#Vimy101 – The Vimy Memorial

Allward with his chosen stone delivered to Vimy Ridge.
Credit: W. and M. le Chat., National Gallery of Canada.
Allward in the Seget limestone quarry.
Credit: Library and Archives Canada

#Vimy101 – Did you know, sculptor Walter Allward spent two years travelling the world in search of the perfect stone to be used on the Vimy Memorial. Allward finally found it, Seget limestone, in an old Roman quarry in Yugoslavia (modern-day Croatia). A total of 6,000 tons of stone would travel by water to Venice, and then by rail to Vimy. The Canada Bereft figure was cut from a single block weighing 28 tons!

The block of stone for Canada bereft is lifted into position.
Credit: National Gallery of Canada.

#Vimy101 – #DYK

#Vimy101 – Did you know, in an April 2015 poll, 5% of Canadians said that they, or a member of their family, were planning to travel to France in 2017 for the centennial of the Battle of Vimy Ridge and the unveiling of the new Vimy Education Centre.

Were you there for #Vimy100?

Source: IPSOS Reid Poll for The Vimy Foundation, April 2015.

Happy St. Patrick’s Day!

Happy St. Patrick’s Day!

Did you know, the 199th (Duchess of Connaught’s Own Irish Rangers) Battalion was raised in Montreal in an effort to bolster recruitment amongst Irish-Canadians? Their motto was “Who Shall Separate Us”.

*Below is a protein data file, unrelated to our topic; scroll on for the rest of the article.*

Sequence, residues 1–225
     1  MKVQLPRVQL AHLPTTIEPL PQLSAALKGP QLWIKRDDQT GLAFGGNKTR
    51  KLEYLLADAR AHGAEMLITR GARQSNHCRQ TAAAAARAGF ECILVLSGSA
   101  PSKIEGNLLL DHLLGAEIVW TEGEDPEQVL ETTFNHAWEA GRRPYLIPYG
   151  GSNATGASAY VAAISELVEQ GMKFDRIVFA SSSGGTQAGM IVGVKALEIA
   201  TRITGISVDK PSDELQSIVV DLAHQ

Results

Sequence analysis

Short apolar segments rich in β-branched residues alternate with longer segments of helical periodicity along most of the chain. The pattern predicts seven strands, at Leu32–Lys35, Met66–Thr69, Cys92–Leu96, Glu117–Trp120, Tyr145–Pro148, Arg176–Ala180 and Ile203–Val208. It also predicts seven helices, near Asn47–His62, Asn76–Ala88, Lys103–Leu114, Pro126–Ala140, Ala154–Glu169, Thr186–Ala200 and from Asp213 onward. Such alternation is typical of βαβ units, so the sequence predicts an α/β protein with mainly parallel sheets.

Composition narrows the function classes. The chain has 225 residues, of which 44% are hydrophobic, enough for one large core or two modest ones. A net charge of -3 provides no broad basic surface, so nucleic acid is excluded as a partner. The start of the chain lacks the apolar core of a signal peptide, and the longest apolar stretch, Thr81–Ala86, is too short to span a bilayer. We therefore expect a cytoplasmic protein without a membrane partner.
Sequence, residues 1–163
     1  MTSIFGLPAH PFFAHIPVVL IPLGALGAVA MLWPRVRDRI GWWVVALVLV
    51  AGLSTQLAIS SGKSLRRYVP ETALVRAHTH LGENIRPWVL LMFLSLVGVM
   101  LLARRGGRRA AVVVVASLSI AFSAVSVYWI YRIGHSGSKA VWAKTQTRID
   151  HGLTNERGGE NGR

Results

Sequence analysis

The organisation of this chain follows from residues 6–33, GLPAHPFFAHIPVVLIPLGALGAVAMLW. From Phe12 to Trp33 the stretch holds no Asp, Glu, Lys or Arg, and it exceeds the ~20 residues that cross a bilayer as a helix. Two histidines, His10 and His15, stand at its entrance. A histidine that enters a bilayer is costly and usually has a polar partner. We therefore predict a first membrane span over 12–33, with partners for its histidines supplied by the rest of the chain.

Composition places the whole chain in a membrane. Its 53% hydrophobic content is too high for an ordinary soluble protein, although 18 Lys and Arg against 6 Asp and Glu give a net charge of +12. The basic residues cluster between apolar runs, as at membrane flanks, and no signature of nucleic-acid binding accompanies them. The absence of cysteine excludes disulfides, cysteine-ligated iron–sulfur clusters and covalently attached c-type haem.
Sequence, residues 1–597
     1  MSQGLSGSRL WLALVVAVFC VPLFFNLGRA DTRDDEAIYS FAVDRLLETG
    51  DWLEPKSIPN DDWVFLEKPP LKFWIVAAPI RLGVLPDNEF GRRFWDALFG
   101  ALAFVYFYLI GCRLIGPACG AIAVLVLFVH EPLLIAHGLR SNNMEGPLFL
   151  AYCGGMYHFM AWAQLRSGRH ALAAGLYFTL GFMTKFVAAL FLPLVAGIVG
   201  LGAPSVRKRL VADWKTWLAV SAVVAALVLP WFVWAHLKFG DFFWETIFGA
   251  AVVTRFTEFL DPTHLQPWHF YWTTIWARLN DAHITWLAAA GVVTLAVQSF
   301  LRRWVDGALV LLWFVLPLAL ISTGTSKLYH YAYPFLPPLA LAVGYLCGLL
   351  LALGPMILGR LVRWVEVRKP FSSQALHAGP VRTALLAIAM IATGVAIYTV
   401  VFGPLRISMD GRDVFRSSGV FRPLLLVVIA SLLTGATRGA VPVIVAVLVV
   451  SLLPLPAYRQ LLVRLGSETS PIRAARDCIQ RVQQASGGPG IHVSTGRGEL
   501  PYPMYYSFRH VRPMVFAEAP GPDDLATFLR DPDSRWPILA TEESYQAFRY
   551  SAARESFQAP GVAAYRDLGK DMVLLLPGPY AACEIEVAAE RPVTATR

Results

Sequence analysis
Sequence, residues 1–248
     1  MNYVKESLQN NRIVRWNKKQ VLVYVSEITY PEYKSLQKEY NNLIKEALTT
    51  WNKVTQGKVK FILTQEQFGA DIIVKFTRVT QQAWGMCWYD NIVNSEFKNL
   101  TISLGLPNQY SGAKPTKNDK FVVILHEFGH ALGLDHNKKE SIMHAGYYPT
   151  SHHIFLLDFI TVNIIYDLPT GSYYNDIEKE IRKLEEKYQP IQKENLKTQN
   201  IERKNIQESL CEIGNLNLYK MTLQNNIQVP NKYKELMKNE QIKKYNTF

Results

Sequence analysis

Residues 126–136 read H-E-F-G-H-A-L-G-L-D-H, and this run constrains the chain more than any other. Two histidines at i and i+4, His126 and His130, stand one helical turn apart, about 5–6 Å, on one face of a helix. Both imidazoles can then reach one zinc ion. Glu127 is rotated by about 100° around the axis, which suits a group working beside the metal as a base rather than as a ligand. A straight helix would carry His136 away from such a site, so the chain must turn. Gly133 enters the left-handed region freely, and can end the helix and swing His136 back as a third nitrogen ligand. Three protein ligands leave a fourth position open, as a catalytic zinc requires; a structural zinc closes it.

“All in One with the Irish Canadian Rangers 199th Overseas Battalion : recruitment campaign.”
Credit: Library and Archives Canada, Acc. No. 1983-28-888.

#Vimy101 – Slang of the First World War
"Tube Train" & "Carpet Slipper"

“Loading a heavy howitzer.”
Credit: W.I. Castle / Canada. Dept. of National Defence / Library and Archives Canada / PA-000800.

#Vimy101 – The Battle of Vimy Ridge in 1917, and “Kaiserschlacht” (“Kaiser’s Battle” – the German Spring Offensive of 1918)  are both known for their use of devastating artillery fire. In the trenches, the common soldier sought words to describe the phenomena they saw, heard and felt, when witnessing such firepower.